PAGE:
Boudica (or Boadicea), the Queen of the Celtic Iceni tribe, inscribed her name in the annals of history by leading a bloody revolt against the Romans circa 60 AD. At the apical stage of the revolt in Britain, she might have commanded the Iceni, the Trinovantes and other assorted tribes, against the might of Legio IX Hispana of the Imperial Roman army. And according the Tacitus, in the chaotic aftermath, the military encounters might have left around 80,000 Romans and Britons dead, while cities like Londinium (London), Camulodunum (Colchester) and Verulamium (St Albans) were completely destroyed. And now there are archaeological evidences to complement such high figures – thus suggesting how the ancient Romans might have felt the pressure after Boudica’s revolt. We are talking about a recently discovered Roman fort that was (possibly) built after the Iceni Queen’s demise, as a result of the mercurial events circa 60-61 AD.
To that end, the excavations have revealed the ruins of a substantially big complex around 3.7 acres in area (around 161,000 sq ft – almost equal to three American football fields), located at the Plantation Place in London. Probably comprising defensive structures constructed of earthwork and timber, the ancient fort compound had its own defensive parameters of 10 ft high banks that were accompanied by timber-made reinforcements and walls. The Roman engineers placed flat platforms atop these timber walls for fighting against the besieging troops, while the parameters were interspersed by towers at the gates. Furthermore, this expansive Romano-British fort was defensively encircled by three different ditches (one 10-ft deep and the other two 7-ft deep), thus serving as effective obstacles against the approaching foe.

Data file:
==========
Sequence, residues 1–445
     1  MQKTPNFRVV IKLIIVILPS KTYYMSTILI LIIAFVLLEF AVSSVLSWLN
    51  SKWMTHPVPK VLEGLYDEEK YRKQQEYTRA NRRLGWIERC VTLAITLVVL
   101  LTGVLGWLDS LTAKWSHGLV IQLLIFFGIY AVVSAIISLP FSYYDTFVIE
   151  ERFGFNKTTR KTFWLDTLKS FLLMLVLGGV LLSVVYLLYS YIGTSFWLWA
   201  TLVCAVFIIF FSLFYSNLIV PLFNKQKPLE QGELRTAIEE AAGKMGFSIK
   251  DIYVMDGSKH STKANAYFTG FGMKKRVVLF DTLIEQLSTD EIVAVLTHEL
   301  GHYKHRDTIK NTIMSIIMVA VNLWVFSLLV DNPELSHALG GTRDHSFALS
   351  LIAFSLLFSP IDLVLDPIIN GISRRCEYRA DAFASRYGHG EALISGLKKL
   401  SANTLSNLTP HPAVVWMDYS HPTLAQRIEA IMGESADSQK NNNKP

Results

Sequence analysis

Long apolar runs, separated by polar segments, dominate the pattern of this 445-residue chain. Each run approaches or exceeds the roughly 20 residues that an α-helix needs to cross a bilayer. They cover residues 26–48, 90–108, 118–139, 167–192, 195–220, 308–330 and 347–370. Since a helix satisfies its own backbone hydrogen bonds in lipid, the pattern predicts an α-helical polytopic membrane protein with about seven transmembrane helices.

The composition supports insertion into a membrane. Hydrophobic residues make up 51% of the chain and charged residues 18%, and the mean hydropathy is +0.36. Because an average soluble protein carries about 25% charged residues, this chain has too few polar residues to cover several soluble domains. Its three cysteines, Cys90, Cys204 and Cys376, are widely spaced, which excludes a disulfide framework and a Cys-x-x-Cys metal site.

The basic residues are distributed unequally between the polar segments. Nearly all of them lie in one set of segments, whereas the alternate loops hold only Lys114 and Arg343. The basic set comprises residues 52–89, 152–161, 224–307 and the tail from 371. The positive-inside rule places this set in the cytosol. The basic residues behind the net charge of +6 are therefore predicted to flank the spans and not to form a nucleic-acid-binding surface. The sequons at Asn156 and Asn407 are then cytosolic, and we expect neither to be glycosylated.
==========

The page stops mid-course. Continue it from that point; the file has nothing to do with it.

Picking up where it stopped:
According to the researchers from MOLA (Museum of London Archaeology), the layout of this Roman fort was planned efficiently, with its locational attribute overlooking the strategic passage into London from the London Bridge – which was a permanent timber piled bridge (circa 60 AD) occasionally guarded by a small Roman garrison. In fact, this fort might have dominated the cityscape of ancient Londinium, until the construction of the larger Cripplegate Fort in 120 AD and the subsequent defensive walling of the trade town itself in the later centuries. As Julian Hill, Roman London Expert at MOLA, made it clear –
The discovery of this early Roman fort provides precious new information about how the Romans re-established control of Britain following Boudica’s damaging blow. It also demonstrates the strategic importance of London at this time.
However, in spite of the defensive compound’s relatively large size, it was probably only occupied for ten years. This suggests that the Roman legionaries stationed inside may have very well resided in tents as opposed to permanent barracks, while the fort was used as an emergency structure for the Romans to fall back on in case of any local revolt. But in line with the Roman meticulousness when it comes to sheer organization, the Plantation Place fort did have its own network of serviceable roads (or pathways), along with a cookhouse, granaries, storage facilities and even latrines.
The entire study was originally published in MOLA publication ‘An early Roman fort and urban development on Londinium’s eastern hill’ by Lesley Dunwoodie, Chiz Harward and Ken Pitt.